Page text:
I was brought up on the book of Winnie the Pooh and slightly resent the red-jacketed Disney version. I remember, in particular, being confused by the identity of the Gopher who appeared at the start of “the Blustery day” but, of course, I was utterly charmed by the way the text blew across the page, or the way in which Pooh climbed the honey tree. There is also alot of charm in the detail of the animation- Pooh actually moves like a stuffed animal. It is joyous in a purely technical way!! Somehow, I associate the “Honey tree” film with “Mary Poppins” though it may have been screened with something like “That Darn Cat” and perhaps one of these early 60s films was screened together* (I’ve just been told it was “the Ugly Dachund” though I do not remember that film at all!). However, there are many incarnations of Pooh. There is EH Shepard’s original. Like Tenniel nearly a century before, Shepard had been plucked from the pages of Punch to do children’s illustrations and he was excellent at it. Indeed, his illustrations to both “Pooh” and “Wind in the Willows” are almost inseparable from the original text. In the early 70s, Shepard oversaw a colourized version of both books.
Shepard had come out of the First world war and pretty well straight into illustrating Pooh. During the war, when he was decorated with a Military Cross for valour at Passchendaele, ( “he continued to observe and send back valuable information, in spite of heavy shell and machine gun fire. His courage and coolness were conspicuous”), he was sending back cartoons to the British press. He continued as head cartoonist at Punch until Malcolm Muggeridge pushed him out in 1953. The pooh Shepard illustrated was based on his own son’s bear “Growler” and not on the bear owned by AA Milne’s son Christopher Robin. In time, he grew to resent Pooh, though that might have been because of associations with his son who died in the 2nd World war.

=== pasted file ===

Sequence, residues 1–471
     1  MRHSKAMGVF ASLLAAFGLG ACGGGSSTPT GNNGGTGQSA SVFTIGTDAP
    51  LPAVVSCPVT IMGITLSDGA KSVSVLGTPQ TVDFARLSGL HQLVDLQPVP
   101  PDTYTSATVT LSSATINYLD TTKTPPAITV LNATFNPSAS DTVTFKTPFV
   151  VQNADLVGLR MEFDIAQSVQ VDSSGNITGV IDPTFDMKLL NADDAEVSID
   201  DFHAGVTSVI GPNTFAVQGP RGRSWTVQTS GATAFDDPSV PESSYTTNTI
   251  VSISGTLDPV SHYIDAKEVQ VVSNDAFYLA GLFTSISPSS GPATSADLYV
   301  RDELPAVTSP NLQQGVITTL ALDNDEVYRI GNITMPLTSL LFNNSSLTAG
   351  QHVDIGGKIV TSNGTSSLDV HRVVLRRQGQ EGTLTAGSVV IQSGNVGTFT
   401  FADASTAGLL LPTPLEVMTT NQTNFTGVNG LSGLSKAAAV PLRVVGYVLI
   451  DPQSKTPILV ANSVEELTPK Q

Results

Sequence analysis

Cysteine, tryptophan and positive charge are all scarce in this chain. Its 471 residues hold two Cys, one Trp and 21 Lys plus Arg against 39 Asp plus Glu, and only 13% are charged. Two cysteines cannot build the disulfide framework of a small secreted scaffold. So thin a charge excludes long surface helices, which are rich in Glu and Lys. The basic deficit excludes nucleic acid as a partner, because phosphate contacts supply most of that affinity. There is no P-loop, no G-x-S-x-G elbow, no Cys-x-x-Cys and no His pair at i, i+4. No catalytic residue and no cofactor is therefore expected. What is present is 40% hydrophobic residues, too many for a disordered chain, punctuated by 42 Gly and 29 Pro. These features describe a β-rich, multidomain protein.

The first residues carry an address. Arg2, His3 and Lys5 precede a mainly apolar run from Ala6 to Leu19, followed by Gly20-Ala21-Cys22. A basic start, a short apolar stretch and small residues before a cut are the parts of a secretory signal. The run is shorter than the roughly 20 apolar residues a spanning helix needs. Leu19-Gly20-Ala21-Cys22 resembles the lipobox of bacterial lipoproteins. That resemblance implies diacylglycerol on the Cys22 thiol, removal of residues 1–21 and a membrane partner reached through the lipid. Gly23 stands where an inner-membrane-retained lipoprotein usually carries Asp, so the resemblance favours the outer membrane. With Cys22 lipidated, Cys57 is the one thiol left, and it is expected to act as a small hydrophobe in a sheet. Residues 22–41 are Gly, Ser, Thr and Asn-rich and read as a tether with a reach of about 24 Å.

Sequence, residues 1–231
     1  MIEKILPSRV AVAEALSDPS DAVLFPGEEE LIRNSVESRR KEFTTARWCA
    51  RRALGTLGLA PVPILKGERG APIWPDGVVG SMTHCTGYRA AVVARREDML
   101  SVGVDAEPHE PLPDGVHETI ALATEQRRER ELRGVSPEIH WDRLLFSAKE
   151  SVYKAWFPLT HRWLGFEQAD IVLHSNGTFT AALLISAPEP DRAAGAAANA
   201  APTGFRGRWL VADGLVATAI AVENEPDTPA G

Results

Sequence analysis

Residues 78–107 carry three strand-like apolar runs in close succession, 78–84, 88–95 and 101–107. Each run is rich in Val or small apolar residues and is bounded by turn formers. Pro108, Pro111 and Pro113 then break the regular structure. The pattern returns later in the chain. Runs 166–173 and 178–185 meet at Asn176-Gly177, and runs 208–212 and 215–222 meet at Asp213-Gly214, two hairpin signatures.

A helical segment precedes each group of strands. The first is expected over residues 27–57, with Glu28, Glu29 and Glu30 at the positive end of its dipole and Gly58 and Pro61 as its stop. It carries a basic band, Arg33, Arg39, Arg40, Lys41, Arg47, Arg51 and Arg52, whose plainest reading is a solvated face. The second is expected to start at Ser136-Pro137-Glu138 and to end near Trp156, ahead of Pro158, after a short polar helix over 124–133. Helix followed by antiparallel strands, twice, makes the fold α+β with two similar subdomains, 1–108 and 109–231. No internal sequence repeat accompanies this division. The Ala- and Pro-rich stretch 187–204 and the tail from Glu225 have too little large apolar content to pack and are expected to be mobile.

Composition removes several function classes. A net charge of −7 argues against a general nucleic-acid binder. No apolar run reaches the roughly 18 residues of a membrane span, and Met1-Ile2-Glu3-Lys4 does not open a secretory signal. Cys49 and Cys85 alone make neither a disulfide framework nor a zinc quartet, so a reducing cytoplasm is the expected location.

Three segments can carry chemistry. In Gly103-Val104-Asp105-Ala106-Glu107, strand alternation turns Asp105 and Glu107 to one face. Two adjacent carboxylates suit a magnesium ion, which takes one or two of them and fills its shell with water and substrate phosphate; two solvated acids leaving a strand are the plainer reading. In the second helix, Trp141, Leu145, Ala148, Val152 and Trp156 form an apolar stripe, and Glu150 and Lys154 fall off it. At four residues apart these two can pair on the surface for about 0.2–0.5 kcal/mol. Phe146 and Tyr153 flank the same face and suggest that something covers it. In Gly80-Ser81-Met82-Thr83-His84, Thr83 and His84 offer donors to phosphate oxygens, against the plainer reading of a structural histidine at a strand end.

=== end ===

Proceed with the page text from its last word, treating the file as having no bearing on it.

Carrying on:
There is a very respected Russian version of the “Pooh” stories, “Vinni Pukh” a link here:
So well-known are these films that many Russian children see this as the authentic “Winnie the Pooh”. It has charm certainly.
As curiosities go, here is a link to a version done by the puppeteers who provided “The Lonely Goatherd” in “The sound of music”. Just look at the length of the stings on the Pooh puppet when Christopher Robin is on set. This is a technical marvel! I also think it has just the right mix of reality and toy. Disney should have done a live action/cartoon mix for their “Pooh” films of course…. Maybe one day. “Alice” calls out for the same sort of treatment.
And lastly, here is a link to the Disney TV version- I am sending you to a Greek dub which might be amusing. It is certainly more fun than listening to the appalling dialogue in English!
Here is the singalong version (!) of the opening song:
Here, as an antidote to all the above is a truly splendid pencil test of Owl. I am not sure who did it but it is stunning work!